Dealing with Japan's Ageing Problem
With a life expectancy of 85.52 years old, Japan is one of the world's ageing society. For the Japanese, it is normal to live a long, fulfilling and healthy life.
However, improving life expectancy and the decline in birth rates led to the population's age imbalance.
This demographic change if not addressed will affect the country's economic growth.
Here are 4 steps that Japan took to cope with the challenge of an ageing population:
The country has long struggled with a high suicide rate and it is the leading cause of death among the youth. While the elderly are living a longer life, a lot of the younger population are taking their own lives. If this trend continues, fewer people will be in the workforce, and less youth to have children. Government officials recognized such problem and took actions to address the situation. An example is the inspirational signs mounted all over Aokigahara forest— dubbed as the "suicide forest". On top of that, the officials launched some programs aimed at suicide prevention. They teaching children how to get help as soon as possible. They made them realize how tough it is to get out once they are suffering.
Japan is a traditional society and it is more common for wives to raise children and leave their jobs. The unforgiving culture of women staying at home has held them back in workplaces. This is the problem not only in Japan but all over the world. Prime minister Shinzo Abe developed a plan called "womenomics" to involve more women in the workforce. He started promoting policies to support and empower women to work and have a family at the same time. He even wants women to fill leadership roles by 2020. In addition, building child care facilities is also a priority to support child care. Thus, securing a work-life balance to slowly revive the fertility of its population.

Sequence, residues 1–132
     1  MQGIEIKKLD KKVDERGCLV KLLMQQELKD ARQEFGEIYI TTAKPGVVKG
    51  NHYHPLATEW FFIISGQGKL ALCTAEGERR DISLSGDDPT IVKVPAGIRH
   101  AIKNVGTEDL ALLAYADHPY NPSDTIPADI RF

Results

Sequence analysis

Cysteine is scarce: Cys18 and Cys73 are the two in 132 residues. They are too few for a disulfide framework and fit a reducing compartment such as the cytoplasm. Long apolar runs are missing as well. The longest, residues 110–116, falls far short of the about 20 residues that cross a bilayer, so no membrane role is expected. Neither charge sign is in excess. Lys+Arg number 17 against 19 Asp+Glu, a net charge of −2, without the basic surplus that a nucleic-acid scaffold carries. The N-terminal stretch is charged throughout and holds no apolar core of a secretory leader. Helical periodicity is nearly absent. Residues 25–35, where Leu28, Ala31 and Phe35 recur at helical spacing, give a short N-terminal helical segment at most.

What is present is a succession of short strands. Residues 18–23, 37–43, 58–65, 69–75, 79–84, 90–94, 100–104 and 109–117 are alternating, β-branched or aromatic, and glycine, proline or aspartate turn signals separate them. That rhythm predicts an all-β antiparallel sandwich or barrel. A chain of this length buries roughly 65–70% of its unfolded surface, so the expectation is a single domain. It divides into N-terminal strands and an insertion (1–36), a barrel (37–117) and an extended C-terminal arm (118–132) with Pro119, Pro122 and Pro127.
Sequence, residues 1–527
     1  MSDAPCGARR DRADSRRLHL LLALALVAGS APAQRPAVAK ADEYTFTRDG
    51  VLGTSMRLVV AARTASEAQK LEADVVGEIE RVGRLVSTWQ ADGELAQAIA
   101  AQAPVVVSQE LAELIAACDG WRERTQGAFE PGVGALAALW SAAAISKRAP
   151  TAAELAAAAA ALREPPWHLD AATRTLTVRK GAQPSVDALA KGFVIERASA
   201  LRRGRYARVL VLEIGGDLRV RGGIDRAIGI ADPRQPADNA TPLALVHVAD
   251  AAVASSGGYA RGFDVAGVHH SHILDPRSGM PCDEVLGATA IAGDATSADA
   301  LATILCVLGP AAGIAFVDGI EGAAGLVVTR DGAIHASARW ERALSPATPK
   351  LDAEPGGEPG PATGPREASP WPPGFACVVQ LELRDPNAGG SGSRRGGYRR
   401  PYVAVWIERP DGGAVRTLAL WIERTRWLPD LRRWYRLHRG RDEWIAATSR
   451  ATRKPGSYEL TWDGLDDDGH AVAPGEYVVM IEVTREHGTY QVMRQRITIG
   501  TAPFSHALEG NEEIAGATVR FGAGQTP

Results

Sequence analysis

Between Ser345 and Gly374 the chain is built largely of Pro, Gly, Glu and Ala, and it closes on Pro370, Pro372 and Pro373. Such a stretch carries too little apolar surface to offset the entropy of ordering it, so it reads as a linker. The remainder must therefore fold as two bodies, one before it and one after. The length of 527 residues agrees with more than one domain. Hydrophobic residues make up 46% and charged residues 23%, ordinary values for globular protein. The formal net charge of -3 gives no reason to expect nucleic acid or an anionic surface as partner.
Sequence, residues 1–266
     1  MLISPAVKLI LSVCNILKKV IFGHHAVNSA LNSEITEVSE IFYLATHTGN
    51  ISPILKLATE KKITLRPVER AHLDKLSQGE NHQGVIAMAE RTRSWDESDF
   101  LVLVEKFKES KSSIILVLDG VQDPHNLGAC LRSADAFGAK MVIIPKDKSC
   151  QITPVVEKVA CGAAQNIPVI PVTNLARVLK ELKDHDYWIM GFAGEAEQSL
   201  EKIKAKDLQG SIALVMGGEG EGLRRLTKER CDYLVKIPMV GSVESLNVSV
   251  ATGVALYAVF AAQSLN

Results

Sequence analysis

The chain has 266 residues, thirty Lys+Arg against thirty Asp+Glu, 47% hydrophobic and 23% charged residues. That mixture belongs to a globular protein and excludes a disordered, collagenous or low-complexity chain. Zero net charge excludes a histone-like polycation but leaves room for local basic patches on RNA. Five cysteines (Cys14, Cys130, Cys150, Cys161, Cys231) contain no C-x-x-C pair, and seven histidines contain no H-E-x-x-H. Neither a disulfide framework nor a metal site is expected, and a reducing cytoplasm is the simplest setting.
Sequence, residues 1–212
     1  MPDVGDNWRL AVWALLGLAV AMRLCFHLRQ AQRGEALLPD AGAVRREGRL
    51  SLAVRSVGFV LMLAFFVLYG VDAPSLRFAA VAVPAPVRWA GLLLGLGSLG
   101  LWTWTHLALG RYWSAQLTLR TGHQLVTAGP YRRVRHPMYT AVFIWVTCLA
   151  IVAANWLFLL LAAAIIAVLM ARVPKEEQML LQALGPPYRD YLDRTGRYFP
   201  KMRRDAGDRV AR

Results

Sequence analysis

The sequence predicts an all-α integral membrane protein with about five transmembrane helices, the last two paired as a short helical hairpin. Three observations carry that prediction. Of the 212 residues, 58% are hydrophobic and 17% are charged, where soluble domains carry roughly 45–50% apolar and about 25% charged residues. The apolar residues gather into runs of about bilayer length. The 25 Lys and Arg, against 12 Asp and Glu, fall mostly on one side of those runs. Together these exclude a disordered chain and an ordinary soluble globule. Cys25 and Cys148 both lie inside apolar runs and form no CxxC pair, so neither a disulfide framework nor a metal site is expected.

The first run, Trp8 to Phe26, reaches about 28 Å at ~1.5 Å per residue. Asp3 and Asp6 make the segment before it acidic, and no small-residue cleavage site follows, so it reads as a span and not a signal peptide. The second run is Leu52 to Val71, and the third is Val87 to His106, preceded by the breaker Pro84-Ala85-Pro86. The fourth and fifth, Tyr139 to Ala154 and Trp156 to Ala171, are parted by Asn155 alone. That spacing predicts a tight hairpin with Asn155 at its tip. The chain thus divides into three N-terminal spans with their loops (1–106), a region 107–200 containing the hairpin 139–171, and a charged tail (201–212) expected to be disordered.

Japan is also exploring robotics and artificial intelligence as a practical solution. In the next 10 years, the construction industry expects at least a million people to retire. As such, it will be a huge problem if labor supply falls short. In answer to the imminent problem, the government developed the "New Robot Strategy." In this hundred billion yen plan, it will focus on three objectives namely: establishing Japan as the next leading industry in robotics labor market, maximizing robot functions, and establishing a global base for robotics innovation. Automated labor industry is still far from perfect but it is growing.
Increased tourism campaign
Inbound tourism continues to rise. As such, Japan has become one of the world's fastest growing travel destination. According to the United Nations World Tourism Organisation (UNWTO), an estimate of 28.7 million stayed in Japan in 2017. An astonishing 334 percent increase since 2010 with only 8.6 million travellers. The country's visa regulations has contributed to the influx of tourists. As of now, a total of 66 nationalities can travel as a tourist without a visa. With the increasing exposure to foreigners, this may encourage them to work and live in Japan. Such can help to sustain the depleting young population.
If you’d like to see robots in your Tokyo tour, or find out what makes Japan one of the best travel destinations in Asia, head over to Japan’s capital city and go on a night or day tour in Tokyo.
Plus, discover the country's culture, people, and traditions by taking part in a walking tour — for free!
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